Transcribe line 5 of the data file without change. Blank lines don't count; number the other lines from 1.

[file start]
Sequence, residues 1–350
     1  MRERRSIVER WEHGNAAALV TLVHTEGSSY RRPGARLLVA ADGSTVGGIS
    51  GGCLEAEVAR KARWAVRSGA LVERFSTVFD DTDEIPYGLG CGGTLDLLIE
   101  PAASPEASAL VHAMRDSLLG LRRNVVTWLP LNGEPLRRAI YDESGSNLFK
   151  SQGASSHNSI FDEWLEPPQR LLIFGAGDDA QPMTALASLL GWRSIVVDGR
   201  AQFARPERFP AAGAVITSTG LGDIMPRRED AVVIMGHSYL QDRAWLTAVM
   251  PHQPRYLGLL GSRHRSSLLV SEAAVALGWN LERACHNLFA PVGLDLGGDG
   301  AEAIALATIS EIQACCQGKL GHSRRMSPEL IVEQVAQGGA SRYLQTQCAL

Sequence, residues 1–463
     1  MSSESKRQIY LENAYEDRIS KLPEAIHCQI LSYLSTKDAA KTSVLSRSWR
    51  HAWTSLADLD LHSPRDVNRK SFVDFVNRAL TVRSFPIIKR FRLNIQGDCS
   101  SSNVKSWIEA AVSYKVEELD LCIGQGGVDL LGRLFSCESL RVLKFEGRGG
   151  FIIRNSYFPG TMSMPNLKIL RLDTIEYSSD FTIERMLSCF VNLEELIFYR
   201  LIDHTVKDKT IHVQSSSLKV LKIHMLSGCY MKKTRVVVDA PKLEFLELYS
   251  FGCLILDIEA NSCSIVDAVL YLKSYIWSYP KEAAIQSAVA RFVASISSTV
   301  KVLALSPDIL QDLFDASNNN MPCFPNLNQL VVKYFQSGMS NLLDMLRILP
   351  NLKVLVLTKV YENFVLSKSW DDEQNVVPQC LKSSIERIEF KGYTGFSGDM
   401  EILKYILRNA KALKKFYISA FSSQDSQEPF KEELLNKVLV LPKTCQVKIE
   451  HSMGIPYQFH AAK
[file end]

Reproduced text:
   151  SQGASSHNSI FDEWLEPPQR LLIFGAGDDA QPMTALASLL GWRSIVVDGR